Speaker Craig Coughlin
If Sweeney wobbles or if the north finds itself pinned down in an Oliver-Baraka-Sherrill war, or if another Goldman guy stumbles onto the landscape and fails to impress anyone early, the ultimate game manager quarterback may just decide that he’s tired of merely fulfilling the role of functionary lower house leader and respond to a sudden spasm of actual personal ambition. Remember, most lawmakers in Trenton see themselves as governor- or president.
Senator Mike Testa
The Republican LD1 state senator has impressed people in both parties with his aggressive, substantive first two years in office. A gifted orator with excellent political instincts, Testa made himself a South Jersey power player in his party to rival the longstanding machinery of the Democrats and would excel on any stage where politicians are actually debating issues. Certainly, he has the disadvantage at present of toiling in a party damaged by the back-to-back misfires of Christie and Trump, but Testa has enough talent to beat the odds.
Senator Holly Schepisi
The Bergen County Republican this year assumed the oath of office as the senate’s newest member, and – on the strength of her fearless floor presence in the Assembly and strong knowledge of the issues, particularly those in her chosen field of the law – must be in any gubernatorial conversation. Some pairing of her and Testa or, as InsiderNJ columnist Alan Steinberg has already written – state Senator Declan O’Scanlon – offers the downcast NJ GOP a compelling new beginning.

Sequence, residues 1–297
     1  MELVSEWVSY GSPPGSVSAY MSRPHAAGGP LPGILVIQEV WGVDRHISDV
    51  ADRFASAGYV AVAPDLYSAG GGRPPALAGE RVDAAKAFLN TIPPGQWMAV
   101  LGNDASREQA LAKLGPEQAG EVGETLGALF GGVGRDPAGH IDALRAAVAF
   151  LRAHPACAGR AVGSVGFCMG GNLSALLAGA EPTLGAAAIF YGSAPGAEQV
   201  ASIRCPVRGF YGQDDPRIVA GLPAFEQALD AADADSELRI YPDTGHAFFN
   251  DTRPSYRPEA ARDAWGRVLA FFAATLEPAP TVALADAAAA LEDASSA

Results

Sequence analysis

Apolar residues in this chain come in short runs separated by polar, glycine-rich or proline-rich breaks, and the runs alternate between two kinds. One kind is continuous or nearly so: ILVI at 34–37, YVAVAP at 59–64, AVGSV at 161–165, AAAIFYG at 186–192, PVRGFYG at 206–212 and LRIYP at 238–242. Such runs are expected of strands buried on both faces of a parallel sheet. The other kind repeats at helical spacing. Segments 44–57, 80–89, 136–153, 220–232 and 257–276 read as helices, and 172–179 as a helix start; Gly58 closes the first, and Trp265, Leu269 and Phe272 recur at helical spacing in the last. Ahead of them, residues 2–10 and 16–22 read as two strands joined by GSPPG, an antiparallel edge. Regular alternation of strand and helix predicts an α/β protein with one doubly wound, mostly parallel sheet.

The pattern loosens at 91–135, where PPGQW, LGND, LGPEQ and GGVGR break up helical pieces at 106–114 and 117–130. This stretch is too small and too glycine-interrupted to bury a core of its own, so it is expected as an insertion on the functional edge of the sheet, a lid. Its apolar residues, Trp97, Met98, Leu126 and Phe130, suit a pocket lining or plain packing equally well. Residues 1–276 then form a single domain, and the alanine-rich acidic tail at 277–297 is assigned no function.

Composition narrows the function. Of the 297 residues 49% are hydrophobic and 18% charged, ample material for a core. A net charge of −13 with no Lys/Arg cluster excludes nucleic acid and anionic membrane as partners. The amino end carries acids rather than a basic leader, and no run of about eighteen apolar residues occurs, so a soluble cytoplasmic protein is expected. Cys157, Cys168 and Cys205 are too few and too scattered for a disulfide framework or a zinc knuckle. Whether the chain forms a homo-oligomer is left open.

Attorney General Gurbir Grewal
Most insiders expect him to depart the Murphy administration come November, and while he has told people he won’t run for statewide office, others don’t count him out as a spoiler. As for who Murphy intends to replace him with: the names Matt Platkin (the governor’s former counsel), Middlesex County Sheriff Millie Scott, and Assemblyman John McKeon (D-27) circulate, among others, with Platkin the smart money successor, according to a party source.
Former Treasury Secretary Steven Mnuchin
He probably doesn’t live in New Jersey, but his stout credentials as a Goldman Sachs alum with Trump administration roots give Republicans someone to hit back at the Democrats with in the event the Ds turn to one of the other aforementioned Goldman names or someone else like Corzine and Murphy.
Jersey City Mayor Steven Fulop
Like Sweeney, the mayor of New Jersey’s most populous city has a history of wanting the governorship. The fact that the urban Democrat played this 2021 cycle in Edison – holding a small, intimate fundraiser for Sam Joshi – shows his potential to play politics again statewide. Maybe he has real designs on breaking out of the pack, or forging a political alliance with Middlesex and muddying the North in order to give Middlesex a stronger play. It’s interesting.
- Craig Coughlin
- Declan O'Scanlon
- Donald Trump
- Essex County
- Goldman Sachs
- Gurbir Grewal
- Hirsh Singh
- Holly Schepisi
- Jack Ciattarelli
- Jersey City
- Joe Vitale
- John Currie
- Jon Corzine
- Leroy Jones
- Middlesex County
- Mike Testa
- Mikie Sherrill
- Phil Murphy
- Ras Baraka
- Sheila Oliver
- Steve Sweeney
- Steven Fulop
- Steven Mnuchin
- Vin Gopal